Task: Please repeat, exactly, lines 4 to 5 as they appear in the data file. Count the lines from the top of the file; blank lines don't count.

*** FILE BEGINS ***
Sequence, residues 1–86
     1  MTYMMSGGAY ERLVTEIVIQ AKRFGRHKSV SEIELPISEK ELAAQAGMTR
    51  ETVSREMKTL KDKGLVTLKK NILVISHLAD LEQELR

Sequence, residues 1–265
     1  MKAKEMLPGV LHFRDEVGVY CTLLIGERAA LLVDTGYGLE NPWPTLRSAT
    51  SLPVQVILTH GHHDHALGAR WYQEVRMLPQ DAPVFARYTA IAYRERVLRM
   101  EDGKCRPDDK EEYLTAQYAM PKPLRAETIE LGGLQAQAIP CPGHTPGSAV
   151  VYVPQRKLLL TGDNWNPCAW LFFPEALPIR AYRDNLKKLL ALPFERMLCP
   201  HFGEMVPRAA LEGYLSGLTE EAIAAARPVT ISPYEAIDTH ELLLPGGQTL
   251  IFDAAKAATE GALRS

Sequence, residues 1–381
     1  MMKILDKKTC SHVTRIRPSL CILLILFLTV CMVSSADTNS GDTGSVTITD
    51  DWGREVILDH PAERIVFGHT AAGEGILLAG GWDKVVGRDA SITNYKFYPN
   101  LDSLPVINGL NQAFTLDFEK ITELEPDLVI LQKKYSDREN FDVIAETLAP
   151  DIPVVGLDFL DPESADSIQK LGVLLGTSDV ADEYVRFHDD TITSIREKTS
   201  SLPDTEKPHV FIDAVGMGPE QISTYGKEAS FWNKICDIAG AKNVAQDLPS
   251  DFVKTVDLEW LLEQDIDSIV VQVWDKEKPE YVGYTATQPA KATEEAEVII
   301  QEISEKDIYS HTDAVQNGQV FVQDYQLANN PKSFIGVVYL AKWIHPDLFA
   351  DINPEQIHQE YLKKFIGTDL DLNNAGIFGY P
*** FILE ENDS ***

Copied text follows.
Sequence, residues 1–265
     1  MKAKEMLPGV LHFRDEVGVY CTLLIGERAA LLVDTGYGLE NPWPTLRSAT